How to Collect Social Security Before Retirement Age
People approaching retirement age face a tough decision regarding their Social Security retirement benefit. They must decide whether to start collecting early or wait until full retirement age, which for people retiring in 2012 is 66. The Social Security Administration allows you to start collecting retirement benefits when you turn 62, but you pay a heavy penalty.
If you want to start collecting Social Security before turning 66, you can apply online, by phone, or in person at any Social Security office. You should apply at age 61 and 9 months if you want your benefits to start immediately after you turn 62. Regardless of how you apply, you must fill out the application form and supply originals or certified copies of your Social Security card, birth certificate or other proof of your age, U.S. citizenship or legal alien status, your military service papers if you were in the military before 1968, and a copy of your W-2 form or self-employment tax return for the previous year. Your documents will be returned to you.
To be eligible for any retirement benefit, you must have worked at least 10 years in jobs where your pay was subject to Social Security payroll taxes. You qualify by accumulating 40 Social Security work credits. As of 2012, you get one credit for each $1,130 in earnings that are subject to FICA or self-employment tax. If you earned $4,520 or more, you will get the maximum four credits per year. You don’t get credits for unearned income from interest or dividends or from any other source that’s exempt from Social Security taxes. Accumulating more than 40 work credits doesn’t increase your retirement benefit, which will be based on your average earnings for the years you worked.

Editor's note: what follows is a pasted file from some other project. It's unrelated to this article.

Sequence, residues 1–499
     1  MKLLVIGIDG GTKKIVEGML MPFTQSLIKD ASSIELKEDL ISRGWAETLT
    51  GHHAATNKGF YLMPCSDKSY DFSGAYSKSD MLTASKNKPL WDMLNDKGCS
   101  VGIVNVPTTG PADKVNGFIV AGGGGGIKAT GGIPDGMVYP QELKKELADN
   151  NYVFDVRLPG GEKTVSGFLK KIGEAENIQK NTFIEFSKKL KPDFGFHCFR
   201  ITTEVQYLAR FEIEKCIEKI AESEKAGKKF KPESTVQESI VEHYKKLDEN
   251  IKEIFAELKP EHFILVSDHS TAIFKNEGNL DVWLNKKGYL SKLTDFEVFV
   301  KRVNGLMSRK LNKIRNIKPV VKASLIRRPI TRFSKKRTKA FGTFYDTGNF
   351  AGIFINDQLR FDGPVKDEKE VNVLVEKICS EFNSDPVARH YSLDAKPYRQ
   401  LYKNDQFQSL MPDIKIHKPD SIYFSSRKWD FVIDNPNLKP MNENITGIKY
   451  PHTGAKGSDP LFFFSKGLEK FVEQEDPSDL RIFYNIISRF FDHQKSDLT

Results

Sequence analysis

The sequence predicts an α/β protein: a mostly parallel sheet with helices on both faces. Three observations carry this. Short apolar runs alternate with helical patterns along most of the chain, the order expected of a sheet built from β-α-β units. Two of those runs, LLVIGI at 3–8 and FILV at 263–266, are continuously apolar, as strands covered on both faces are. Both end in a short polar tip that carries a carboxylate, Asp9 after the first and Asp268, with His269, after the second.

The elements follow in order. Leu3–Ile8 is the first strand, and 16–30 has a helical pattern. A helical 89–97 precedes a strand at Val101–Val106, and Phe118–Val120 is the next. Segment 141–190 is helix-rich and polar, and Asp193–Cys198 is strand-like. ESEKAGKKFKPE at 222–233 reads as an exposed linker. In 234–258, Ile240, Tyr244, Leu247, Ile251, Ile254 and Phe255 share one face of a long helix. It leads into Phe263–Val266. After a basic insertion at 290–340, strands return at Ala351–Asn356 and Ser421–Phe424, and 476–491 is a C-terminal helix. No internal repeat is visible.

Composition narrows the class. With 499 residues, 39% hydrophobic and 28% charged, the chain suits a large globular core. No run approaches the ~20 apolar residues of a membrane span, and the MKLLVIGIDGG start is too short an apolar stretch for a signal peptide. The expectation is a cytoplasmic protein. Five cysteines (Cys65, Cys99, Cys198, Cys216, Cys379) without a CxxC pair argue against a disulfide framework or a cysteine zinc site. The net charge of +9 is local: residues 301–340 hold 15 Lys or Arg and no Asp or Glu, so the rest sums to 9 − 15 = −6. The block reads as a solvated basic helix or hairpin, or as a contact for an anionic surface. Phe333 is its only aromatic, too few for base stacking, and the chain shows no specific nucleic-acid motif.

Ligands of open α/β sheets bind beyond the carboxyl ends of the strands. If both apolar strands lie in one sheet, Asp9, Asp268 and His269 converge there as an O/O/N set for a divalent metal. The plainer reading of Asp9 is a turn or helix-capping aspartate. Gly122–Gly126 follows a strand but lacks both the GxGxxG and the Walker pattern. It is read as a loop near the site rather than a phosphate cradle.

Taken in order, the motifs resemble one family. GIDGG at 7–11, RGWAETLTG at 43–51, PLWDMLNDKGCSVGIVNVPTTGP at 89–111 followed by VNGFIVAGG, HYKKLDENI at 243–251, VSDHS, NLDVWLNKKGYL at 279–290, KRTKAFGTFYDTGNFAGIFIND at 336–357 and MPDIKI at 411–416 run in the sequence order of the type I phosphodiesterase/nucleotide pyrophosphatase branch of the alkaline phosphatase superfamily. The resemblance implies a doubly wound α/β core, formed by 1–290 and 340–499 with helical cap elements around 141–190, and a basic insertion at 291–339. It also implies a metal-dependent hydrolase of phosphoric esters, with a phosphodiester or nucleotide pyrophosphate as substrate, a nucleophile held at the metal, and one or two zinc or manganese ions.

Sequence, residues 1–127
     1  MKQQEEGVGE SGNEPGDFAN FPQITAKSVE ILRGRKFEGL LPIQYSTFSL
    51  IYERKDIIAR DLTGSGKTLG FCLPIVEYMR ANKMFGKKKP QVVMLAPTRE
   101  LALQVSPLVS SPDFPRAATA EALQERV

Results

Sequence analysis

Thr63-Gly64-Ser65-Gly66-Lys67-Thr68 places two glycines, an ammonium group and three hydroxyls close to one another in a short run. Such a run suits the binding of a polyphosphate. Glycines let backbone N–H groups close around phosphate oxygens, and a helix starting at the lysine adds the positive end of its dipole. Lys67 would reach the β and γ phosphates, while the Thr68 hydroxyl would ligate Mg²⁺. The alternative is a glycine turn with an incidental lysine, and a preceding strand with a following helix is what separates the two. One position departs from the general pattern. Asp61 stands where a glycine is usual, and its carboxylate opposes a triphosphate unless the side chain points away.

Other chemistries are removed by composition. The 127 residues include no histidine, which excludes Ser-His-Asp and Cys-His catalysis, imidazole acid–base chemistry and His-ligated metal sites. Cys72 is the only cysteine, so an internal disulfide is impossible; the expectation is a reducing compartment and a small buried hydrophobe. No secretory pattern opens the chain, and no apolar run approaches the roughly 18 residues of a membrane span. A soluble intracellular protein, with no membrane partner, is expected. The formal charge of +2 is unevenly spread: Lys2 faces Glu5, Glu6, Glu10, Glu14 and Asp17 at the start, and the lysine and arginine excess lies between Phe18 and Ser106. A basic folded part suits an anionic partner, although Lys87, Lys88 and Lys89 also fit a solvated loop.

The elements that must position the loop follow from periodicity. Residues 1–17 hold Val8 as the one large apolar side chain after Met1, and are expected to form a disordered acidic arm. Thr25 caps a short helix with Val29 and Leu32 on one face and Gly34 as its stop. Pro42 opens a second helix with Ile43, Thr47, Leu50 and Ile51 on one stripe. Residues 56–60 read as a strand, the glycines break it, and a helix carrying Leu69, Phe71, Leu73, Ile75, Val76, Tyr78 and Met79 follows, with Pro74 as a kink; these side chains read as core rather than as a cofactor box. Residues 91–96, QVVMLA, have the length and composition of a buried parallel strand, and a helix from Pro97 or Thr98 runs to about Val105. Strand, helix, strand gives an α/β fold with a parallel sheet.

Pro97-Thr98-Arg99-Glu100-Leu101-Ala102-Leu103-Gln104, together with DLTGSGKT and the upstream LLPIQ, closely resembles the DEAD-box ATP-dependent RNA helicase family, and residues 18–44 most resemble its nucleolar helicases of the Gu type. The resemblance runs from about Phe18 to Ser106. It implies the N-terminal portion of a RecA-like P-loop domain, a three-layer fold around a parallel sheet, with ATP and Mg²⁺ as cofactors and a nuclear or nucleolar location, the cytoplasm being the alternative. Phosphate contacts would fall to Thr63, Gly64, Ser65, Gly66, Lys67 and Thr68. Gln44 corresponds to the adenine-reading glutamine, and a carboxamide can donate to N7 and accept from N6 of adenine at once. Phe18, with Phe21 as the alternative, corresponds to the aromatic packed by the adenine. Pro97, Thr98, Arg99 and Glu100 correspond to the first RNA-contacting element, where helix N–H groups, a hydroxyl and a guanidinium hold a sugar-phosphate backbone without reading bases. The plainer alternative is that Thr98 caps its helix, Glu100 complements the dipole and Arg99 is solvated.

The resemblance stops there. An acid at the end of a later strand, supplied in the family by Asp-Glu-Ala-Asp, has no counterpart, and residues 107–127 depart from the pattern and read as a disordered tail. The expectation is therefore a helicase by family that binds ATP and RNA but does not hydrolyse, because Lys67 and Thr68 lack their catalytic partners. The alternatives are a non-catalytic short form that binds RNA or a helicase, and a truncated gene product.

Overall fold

If you start collecting your Social Security retirement benefit at age 62, your monthly benefit will be 25 percent less than if you wait until you're 66. This reduction in your benefit will last for as long as you live. If you start collecting at age 63, your benefit is reduced by 20 percent. If you wait until 64 to file for benefits, you lose 13.3 percent. Retiring at 65 costs you 6.7 percent of your benefit. For those born in 1960 and later, full retirement age will be 67. For this group, claiming Social Security at age 62 will result in a 30 percent reduction from the benefit they would have collected by waiting until they turned 67.
If you keep working while collecting early Social Security benefits, you will be subject to penalties if you earn too much. As of 2012, your annual earnings limit is $14,640 for the years you are 62 through 65. Social Security will reduce your benefit by $1 for every $2 you earn above that limit. In the year you reach your full retirement age, the limit rises to $38,880, and you lose $1 in benefits for each $3 earned above that limit. After you reach full retirement age, there is no limit on your annual earnings regardless of when you started collecting benefits.
Herb Kirchhoff has more than three decades of hands-on experience as an avid garden hobbyist and home handyman. Since retiring from the news business in 2008, Kirchhoff takes care of a 12-acre rural Michigan lakefront property and applies his experience to his vegetable and flower gardens and home repair and renovation projects.